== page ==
As the world's attention is increasingly drawn towards Kim Jong-un, his nation, and his people, many are curious about what it's like to live in North Korea. From the sound of it, daily life in North Korea can be monotonous, dreary, and tightly regulated. On the bad days, it's downright dangerous, brutal, and deadly.
Given the tight hold Kim Jong-un has over the country, it can be difficult to verify the rumors about what it's really like in North Korea. We must rely on the accounts of defectors, those brave souls courageous and fortunate enough to have escaped the nation-state. They all tell practically the same account, offering an insider's view of life inside one of the most mysterious and ruthless dictatorships in modern history.
Read on for some stories from North Korean defectors, and a glimpse into the daily lives of the North Korean people.
In a country where practically every aspect of life is regulated and monitored, anyone going against the norm is bound to stand out. Seriously, North Korea does not look kindly on those who stand out; the government views non-conformity as rebellion, which they feel must be quashed quickly, thoroughly, and as early on as possible.
By meticulously enforcing hegemonic thought, the government maintains a tight chokehold on its citizenry. North Koreans are routinely executed in public, often for minor crimes. In one particularly chilling story, a defector told of a group of 11 people who were publicly executed in a packed football stadium as punishment for making a pornographic movie:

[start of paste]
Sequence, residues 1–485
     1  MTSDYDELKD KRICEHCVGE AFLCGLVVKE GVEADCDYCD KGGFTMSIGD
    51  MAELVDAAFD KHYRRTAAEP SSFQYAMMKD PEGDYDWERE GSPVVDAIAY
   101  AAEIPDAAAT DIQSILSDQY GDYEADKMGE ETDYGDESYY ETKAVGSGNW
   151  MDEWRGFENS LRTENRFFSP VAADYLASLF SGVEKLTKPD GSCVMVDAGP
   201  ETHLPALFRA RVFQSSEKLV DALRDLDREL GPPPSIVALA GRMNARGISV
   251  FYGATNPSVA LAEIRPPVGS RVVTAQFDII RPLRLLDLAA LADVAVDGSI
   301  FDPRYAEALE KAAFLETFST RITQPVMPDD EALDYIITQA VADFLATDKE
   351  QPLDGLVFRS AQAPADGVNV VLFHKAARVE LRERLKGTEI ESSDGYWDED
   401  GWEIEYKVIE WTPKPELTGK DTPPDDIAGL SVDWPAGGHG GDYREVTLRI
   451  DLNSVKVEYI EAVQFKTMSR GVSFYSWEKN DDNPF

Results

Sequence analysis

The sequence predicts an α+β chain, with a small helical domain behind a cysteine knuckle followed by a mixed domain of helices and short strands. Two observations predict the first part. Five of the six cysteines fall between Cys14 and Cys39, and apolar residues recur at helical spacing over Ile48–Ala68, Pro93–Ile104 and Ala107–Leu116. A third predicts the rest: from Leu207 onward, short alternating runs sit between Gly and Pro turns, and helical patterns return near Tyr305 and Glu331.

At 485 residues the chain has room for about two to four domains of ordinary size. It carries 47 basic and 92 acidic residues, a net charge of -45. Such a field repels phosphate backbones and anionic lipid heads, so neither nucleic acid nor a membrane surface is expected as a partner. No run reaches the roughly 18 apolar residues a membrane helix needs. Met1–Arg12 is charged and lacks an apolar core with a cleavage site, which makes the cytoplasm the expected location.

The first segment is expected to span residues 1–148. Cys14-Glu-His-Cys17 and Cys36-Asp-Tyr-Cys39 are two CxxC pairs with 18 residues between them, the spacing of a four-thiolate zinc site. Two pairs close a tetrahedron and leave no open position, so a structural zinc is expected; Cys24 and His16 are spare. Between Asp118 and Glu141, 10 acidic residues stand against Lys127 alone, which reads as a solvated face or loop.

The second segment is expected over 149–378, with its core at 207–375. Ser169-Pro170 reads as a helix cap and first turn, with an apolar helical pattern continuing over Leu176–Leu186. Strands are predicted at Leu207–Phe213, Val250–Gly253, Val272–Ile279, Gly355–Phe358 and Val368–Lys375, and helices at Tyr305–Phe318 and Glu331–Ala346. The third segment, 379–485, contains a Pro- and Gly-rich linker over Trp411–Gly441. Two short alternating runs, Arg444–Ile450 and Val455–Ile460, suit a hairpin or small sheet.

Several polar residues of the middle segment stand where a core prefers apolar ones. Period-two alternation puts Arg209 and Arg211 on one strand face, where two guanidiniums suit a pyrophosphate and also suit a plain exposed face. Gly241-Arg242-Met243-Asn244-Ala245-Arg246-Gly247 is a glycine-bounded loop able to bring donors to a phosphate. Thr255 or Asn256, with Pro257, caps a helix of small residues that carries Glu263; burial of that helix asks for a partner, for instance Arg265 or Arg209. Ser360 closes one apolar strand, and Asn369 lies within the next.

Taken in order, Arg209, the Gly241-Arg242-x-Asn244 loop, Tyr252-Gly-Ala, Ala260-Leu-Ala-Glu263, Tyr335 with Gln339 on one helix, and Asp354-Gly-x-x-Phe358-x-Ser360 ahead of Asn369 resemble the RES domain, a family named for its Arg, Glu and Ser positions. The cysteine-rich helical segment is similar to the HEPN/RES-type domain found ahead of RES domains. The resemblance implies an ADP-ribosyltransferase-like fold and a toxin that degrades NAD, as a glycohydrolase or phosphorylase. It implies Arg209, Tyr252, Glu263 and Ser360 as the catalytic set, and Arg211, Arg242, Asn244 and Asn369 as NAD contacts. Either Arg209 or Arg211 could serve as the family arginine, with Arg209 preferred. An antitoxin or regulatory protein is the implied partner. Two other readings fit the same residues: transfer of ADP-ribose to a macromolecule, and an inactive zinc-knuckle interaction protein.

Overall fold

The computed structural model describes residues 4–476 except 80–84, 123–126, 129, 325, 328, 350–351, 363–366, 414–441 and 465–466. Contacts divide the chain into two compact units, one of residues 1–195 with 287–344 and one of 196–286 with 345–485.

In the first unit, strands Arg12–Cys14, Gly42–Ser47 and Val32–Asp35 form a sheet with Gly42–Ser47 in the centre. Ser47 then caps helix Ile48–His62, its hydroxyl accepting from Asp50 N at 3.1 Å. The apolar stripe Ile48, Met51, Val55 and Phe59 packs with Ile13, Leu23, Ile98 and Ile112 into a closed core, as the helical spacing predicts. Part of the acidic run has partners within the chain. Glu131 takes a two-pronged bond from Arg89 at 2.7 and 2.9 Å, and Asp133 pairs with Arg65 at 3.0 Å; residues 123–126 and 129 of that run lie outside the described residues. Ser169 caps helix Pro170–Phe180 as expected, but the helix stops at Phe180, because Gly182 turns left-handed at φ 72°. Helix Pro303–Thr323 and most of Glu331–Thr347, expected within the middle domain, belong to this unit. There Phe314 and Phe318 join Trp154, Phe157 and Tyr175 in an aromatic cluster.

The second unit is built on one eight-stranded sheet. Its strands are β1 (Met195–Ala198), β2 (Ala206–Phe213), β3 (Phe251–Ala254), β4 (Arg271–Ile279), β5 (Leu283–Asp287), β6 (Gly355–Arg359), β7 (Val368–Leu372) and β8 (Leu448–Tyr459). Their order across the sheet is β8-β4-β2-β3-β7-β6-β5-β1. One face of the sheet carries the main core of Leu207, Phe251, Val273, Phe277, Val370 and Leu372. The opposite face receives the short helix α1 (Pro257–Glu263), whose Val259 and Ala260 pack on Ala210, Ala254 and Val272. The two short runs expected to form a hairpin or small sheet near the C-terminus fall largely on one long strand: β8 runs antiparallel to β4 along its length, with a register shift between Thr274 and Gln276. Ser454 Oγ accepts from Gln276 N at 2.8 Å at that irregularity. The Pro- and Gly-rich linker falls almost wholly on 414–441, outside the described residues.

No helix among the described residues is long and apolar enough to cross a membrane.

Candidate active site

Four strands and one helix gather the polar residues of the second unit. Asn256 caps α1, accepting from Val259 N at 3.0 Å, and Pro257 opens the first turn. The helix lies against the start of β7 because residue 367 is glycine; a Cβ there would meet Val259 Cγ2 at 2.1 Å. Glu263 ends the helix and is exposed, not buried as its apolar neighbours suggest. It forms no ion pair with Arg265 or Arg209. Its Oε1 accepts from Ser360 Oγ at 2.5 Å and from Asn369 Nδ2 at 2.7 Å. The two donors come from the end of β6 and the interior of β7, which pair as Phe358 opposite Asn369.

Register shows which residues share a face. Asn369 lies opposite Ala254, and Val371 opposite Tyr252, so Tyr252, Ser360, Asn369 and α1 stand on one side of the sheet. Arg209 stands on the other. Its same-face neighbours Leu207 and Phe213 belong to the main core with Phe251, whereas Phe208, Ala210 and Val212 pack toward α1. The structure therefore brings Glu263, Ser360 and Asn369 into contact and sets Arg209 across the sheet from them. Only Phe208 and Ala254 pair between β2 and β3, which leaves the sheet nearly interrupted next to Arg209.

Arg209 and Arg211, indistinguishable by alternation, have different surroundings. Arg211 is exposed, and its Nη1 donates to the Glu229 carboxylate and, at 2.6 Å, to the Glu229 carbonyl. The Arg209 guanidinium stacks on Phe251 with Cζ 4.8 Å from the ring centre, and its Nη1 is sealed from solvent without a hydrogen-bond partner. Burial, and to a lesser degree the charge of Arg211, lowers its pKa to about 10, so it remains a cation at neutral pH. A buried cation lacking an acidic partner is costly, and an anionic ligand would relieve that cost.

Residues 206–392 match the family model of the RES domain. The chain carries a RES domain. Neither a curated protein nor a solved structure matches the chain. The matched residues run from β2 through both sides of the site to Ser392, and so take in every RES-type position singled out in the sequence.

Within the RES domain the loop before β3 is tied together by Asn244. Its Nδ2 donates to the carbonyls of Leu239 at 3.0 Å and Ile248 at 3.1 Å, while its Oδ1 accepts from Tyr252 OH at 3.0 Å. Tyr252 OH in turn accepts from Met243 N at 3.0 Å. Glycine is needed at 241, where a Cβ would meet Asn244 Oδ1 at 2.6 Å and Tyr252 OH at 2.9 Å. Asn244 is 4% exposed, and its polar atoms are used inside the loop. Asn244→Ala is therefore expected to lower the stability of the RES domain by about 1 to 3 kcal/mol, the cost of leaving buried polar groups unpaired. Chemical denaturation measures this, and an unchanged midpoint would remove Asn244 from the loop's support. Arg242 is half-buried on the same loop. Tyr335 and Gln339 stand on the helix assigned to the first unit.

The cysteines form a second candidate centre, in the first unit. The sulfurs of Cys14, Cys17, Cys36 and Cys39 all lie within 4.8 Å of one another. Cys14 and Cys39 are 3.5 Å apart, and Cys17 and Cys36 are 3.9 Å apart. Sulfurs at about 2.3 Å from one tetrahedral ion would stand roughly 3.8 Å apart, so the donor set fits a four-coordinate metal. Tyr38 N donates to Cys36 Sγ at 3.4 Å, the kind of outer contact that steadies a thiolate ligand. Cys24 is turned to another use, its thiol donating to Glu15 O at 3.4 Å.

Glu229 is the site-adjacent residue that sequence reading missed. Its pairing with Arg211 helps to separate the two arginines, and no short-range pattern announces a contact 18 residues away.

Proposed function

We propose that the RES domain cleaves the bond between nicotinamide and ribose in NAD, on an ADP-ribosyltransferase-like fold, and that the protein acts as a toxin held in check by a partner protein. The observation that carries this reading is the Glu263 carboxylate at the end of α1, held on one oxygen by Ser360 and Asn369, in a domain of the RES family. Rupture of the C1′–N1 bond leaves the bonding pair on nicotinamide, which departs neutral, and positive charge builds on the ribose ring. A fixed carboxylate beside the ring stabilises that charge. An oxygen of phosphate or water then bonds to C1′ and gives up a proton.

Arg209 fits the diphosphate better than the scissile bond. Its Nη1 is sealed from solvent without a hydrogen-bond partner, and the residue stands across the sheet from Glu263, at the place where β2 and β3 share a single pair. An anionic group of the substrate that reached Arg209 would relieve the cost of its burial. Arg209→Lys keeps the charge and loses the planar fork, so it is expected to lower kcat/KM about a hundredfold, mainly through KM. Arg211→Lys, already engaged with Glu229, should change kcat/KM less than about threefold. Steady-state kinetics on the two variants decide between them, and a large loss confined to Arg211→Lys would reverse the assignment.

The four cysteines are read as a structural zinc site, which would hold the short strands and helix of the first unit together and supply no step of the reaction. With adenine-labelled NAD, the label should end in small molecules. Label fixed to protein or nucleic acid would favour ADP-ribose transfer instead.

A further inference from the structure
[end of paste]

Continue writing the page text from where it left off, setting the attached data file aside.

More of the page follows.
"[They] were brought out, tied up, hooded and apparently gagged, so they could not make a noise, not beg for mercy or even scream…They were lashed to the end of anti-aircraft guns… It was so horrible and I could not eat for three days as it made my stomach churn. What I saw that day made me sick in my stomach. Despite [my family's] privilege, I was scared. I saw terrible things in Pyongyang."
When North Korea lost financial support from the Soviet Union in the wake of the USSR's collapse, desperate times called for desperate measures. Widespread poverty and famine caused decades of death and destruction. To make money, the government started manufacturing meth so pure that it has tested as high as 98% on purity scales. Now, many North Koreans are hooked. According to Vice:
"Suited elites in Pyongyang restaurants offer each other a 'nose' after dinner, the middle classes take it as a cold cure or remedy for back pain, and the poor take it to ease the emptiness in their stomachs."
Anti-American sentiment in North Korea is not just reflected in the country's public policy, or used as a way to cultivate frenzied fear at political rallies. It is woven into the very fabric of the nation. As early as elementary school, North Korean students are given lessons that are nothing more than anti-American propaganda.
Since Trump has escalated tensions with North Korea, anti-American propaganda is at an all-time high. There are billboards showing the destruction of the United States, abundant conspiracy theories about America that are promoted by the North Korean government, and anti-American rhetoric casually enmeshed in North Koreans' everyday lives.
Kim Jong-un may have a wife and three children, but he also has an elaborate and disgusting system in place to satisfy his carnal desires. Obviously, the plan is not discussed openly in North Korea, but defectors have shed light on the despicable practice.
The country's leader regularly has teenage girls pulled out of school to become his personal sex slaves. When he's done with them, they're tossed aside, or are given the option of marrying one of his high-ranking officials. One defector said:
"They learn to serve him food like caviar and extremely rare delicacies…They are also taught how to massage him and they became sex slaves…Yes, they have to sleep with him and they cannot make a mistake or object because they could very easily simply disappear."